HIGH-DEFINITION (HD) VIDEO

High-definition video is video of higher resolution and quality than standard-definition. While there is no standardized meaning for high-definition, generally any video image with more than 480 horizontal lines (North America) or 576 lines (Europe) is considered high-definition. 720 scan lines is generally the minimum even though the majority of systems greatly exceed that. Images of standard resolution captured at rates faster than normal (60 frames/second North America, 50 fps Europe), by a high-speed camera may be considered high-definition in some contexts. Television series’ shot on high-definition video are made to look as if they have been shot on film, a technique that is often known as filmizing.

ILFOCHROME

Ilfochrome (also commonly known as Cibachrome) is a dye destruction positive-to-positive photographic process used for the reproduction of film transparencies on photographic paper. The prints are made on a dimensionally stable polyester base as opposed to traditional paper base. Since it uses 13 layers of azo dyes sealed in a polyester base, the print will not fade, discolour, or deteriorate for an extended time. Accelerated aging tests conducted by Henry Wilhelm indicated the product resisted fading under display conditions longer than any other known photographic colour material. Characteristics of Ilfochrome prints are image clarity, colour purity, as well as being an archival process able to produce critical accuracy to the original transparency.

INKJET PRINT

Inkjet printing is a type of computer printing that creates a digital image by propelling droplets of ink onto paper, plastic, or other substrates.

INTAGLIO ETCHING

Intaglio is the family of printing and printmaking techniques in which the image is incised into a surface, and the incised line or sunken area holds the ink. It is the direct opposite of a relief print. Normally, copper or zinc plates are used as a surface or matrix, and the incisions are created by etching, engraving, dry point, aquatint or mezzotint. Collagraphs may also be printed as intaglio plates.

LACQUER

Lacquer is a clear or coloured wood finish that dries by solvent evaporation or a curing process that produces a hard, durable finish. This finish can be of any sheen level from ultra matte to high gloss, and it can be further polished as required. It is also used for “lacquer paint”, which typically is a paint that dries to a more than usually hard and smooth surface.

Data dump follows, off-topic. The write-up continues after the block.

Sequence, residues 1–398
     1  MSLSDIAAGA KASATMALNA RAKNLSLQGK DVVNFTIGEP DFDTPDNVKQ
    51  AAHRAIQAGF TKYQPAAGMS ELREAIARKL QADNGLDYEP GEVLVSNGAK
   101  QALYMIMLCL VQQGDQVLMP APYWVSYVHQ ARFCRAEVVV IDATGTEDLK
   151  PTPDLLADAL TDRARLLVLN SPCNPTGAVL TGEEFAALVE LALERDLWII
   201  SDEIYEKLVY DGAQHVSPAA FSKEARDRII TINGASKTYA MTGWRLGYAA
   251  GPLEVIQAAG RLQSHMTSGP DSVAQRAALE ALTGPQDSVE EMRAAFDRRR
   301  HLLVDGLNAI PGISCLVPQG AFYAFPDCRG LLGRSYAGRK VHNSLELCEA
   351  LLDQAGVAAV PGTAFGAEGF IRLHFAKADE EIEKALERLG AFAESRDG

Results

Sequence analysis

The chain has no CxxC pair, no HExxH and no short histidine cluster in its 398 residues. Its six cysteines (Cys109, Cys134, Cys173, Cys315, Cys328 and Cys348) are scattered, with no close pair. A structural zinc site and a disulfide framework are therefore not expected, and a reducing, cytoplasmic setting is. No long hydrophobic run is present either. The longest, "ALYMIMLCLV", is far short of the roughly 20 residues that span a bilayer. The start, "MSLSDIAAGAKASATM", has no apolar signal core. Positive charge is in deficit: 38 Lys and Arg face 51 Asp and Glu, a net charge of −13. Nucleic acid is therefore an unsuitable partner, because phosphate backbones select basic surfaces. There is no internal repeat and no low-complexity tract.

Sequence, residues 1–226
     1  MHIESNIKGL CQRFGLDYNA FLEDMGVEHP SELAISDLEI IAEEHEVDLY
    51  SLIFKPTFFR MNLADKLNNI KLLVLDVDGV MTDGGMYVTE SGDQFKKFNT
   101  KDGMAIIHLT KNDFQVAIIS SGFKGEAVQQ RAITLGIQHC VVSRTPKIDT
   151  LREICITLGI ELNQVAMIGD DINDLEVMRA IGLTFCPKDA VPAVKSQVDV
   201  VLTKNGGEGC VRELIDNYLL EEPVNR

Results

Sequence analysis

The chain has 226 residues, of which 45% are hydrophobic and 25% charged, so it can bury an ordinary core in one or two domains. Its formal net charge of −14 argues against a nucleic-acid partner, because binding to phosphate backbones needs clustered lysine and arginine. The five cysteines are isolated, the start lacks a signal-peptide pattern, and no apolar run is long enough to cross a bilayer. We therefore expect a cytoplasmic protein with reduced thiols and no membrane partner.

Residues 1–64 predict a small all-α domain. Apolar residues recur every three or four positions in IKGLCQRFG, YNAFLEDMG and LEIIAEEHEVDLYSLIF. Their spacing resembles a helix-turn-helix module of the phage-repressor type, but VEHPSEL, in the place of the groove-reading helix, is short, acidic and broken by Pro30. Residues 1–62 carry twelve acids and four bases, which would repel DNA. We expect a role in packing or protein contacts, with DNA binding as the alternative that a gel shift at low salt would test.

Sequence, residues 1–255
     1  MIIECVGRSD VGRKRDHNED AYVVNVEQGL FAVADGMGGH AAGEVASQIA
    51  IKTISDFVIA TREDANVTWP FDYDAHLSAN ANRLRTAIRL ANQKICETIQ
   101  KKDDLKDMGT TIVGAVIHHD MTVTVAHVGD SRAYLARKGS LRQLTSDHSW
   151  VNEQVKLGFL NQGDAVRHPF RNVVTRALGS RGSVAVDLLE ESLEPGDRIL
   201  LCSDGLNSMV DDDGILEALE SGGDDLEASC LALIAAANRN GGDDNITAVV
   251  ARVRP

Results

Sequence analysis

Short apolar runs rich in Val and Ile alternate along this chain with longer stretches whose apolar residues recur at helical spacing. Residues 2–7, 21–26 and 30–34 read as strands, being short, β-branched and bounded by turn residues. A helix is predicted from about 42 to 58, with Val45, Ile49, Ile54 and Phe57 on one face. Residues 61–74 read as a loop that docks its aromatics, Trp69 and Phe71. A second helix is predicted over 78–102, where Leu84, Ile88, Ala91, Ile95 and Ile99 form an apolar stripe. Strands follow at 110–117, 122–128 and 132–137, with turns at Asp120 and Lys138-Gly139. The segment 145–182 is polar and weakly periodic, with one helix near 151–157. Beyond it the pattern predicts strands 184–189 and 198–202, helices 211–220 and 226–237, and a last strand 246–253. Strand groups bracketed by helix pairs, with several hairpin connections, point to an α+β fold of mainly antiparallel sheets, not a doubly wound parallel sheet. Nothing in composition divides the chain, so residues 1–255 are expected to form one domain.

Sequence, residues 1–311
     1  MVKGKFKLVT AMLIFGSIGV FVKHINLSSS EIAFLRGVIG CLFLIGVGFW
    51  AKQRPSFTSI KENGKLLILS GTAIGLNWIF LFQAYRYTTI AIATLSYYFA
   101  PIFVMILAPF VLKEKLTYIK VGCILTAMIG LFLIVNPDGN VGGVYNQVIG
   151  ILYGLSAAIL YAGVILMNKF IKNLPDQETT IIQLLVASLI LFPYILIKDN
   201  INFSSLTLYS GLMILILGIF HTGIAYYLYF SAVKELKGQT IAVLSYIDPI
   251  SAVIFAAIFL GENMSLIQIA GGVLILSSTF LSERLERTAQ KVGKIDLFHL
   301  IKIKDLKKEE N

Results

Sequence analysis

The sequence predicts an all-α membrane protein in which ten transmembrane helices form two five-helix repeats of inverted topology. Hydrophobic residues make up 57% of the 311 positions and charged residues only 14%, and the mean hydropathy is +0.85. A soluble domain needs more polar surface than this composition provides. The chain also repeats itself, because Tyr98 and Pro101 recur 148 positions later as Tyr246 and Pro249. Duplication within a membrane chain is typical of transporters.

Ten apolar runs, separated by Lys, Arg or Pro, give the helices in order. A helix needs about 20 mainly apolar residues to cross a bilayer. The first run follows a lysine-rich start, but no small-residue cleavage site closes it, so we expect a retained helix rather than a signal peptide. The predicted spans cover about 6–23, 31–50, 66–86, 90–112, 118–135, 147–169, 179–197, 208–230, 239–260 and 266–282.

In terms of modern products, lac-based finishes are referred to as shellac, while lacquer refers to other polymers dissolved in volatile organic compounds (VOCs), such as nitrocellulose, and later acrylic compounds dissolved in lacquer thinner, a mixture of several solvents typically containing butyl acetate and xylene or toluene. While both lacquer and shellac are traditional finishes, lacquer is more durable than shellac.

In terms of the decorative arts, lacquerware refers to variety of techniques used to decorate wood, metal or other surfaces, some involving carving into deep coatings of many layers of lacquer.

LINOCUT

Linocut is a printmaking technique, a variant of woodcut in which a sheet of linoleum (sometimes mounted on a wooden block) is used for the relief surface. A design is cut into the linoleum surface with a sharp knife, V-shaped chisel or gouge, with the raised (uncarved) areas representing a reversal (mirror image) of the parts to show printed. The linoleum sheet is inked with a roller (called a brayer), and then impressed onto paper or fabric. The actual printing can be done by hand or with a press.

MASONITE

Masonite is a type of hardboard made of steam-cooked and pressure-molded wood fibres in a process patented by William H. Mason. This product is also known as Quartrboard, Isorel, hernit, karlit, torex or treetex. Artists have often used it as a support for painting, and in artistic media such as linocut printing.

MATTBOARD

In the picture framing industry, a matt (or mount in British English) is a thin, flat piece of paper-based material included within a picture frame, which serves as additional decoration and to perform several other, more practical functions, such as separating the art from the glass and protecting the artwork.